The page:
"The best way to know how much your child needs to drink to replenish their sweat lost during activity is to weigh them before and after a game or practice. The weight loss is water, so for every pound lost your child should drink about 16 ounces or 1 pint," added Dr. Millard Stafford.

Although fluid needs will change depending on how acclimatized and physically fit the child is, the activity level, and weather conditions, parents can use weight lost as a rough guide.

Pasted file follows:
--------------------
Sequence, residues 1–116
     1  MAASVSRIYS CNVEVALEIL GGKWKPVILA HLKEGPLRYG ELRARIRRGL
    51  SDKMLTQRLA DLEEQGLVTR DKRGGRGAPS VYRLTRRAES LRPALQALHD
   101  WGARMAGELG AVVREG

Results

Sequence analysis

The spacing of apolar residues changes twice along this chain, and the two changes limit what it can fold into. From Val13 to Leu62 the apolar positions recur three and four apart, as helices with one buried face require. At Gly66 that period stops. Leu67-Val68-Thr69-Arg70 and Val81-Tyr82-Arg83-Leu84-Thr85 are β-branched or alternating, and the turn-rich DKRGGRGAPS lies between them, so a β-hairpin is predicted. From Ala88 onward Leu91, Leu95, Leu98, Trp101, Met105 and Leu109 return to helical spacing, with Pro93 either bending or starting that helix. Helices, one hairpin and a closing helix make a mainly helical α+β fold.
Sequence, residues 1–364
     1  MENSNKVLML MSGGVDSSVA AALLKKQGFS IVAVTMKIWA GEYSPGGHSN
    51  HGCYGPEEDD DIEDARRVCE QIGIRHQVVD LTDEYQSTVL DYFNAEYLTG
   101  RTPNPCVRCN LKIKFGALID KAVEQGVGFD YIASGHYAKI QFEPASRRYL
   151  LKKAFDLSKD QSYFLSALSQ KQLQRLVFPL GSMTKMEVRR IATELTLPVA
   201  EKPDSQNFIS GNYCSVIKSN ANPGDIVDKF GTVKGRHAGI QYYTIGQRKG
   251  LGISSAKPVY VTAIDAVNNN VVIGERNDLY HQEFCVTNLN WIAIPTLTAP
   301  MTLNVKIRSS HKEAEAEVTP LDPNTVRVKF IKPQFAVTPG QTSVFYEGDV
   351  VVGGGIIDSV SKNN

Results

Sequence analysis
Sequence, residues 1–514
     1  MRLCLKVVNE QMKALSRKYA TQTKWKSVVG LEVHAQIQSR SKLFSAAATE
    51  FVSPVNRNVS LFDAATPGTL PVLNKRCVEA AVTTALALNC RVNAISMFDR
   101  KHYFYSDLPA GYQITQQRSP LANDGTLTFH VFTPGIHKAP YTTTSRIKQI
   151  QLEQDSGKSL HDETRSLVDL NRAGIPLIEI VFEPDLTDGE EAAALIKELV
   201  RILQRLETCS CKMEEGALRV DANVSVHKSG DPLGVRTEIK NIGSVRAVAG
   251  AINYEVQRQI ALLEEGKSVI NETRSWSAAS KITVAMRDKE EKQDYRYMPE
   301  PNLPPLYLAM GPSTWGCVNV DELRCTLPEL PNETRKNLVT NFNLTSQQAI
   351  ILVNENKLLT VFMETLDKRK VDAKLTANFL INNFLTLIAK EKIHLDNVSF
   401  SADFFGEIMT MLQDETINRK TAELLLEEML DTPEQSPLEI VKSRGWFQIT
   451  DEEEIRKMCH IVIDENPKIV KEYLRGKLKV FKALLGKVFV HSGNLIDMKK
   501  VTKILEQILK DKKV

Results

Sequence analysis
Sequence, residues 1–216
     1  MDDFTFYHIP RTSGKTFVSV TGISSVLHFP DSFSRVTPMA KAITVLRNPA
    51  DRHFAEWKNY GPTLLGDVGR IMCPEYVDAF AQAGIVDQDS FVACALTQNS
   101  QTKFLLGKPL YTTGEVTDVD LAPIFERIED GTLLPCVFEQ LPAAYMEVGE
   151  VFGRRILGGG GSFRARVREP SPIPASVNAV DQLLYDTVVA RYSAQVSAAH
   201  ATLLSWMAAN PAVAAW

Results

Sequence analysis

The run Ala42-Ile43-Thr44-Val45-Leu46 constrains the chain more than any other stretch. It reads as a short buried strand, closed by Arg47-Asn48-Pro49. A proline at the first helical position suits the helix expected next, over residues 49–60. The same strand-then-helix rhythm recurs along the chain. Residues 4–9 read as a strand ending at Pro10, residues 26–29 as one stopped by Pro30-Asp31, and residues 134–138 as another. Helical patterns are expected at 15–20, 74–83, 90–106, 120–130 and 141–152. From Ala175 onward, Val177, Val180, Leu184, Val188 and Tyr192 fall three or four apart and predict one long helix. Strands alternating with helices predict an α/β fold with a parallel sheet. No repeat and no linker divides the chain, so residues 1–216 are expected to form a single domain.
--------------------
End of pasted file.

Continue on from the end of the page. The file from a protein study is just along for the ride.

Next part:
If weigh-ins are difficult, you can use up to a half liter (about two 8 oz. servings) of water loss an hour as a rough guide, according to Dr. Millard-Stafford.
Adequate Intake (AI) specified in the Dietary Reference Intakes (DRIs)
for water:

 Age Total Daily AI* Assumptions **
4 to 8 years Approx. 5 servings of water from all
 1.7 beverages, including drinking water.
9 to 13 years 2.1 (girls) to Approx. 7 (girls) to 8 (boys) servings
 2.4 (boys) of water from all beverages, including
 drinking water.

* all AI values are liters per day from water and food

** serving size based on one 8.5 fl. oz. glass of water

Source: (Food and Nutrition Board 2004)